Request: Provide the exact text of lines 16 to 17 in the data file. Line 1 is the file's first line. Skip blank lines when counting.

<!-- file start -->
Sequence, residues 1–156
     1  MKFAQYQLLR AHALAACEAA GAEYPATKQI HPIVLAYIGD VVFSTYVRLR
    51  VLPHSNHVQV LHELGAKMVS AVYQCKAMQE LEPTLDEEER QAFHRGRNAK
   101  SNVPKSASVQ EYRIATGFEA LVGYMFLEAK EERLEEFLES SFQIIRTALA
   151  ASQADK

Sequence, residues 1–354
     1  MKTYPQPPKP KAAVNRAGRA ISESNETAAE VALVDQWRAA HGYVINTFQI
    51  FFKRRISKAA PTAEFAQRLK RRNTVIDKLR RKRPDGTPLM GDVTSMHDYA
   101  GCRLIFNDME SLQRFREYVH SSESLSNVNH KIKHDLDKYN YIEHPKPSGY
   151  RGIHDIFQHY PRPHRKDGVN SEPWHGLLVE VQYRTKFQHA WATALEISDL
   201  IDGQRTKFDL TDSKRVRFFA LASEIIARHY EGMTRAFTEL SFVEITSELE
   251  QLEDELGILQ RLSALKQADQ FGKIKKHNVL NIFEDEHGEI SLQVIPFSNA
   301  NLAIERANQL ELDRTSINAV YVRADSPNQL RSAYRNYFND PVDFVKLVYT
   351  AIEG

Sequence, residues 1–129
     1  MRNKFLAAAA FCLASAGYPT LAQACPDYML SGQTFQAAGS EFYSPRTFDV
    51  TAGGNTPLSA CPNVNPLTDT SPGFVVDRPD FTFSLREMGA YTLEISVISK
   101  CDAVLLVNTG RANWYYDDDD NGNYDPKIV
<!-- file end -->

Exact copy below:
     1  MRNKFLAAAA FCLASAGYPT LAQACPDYML SGQTFQAAGS EFYSPRTFDV
    51  TAGGNTPLSA CPNVNPLTDT SPGFVVDRPD FTFSLREMGA YTLEISVISK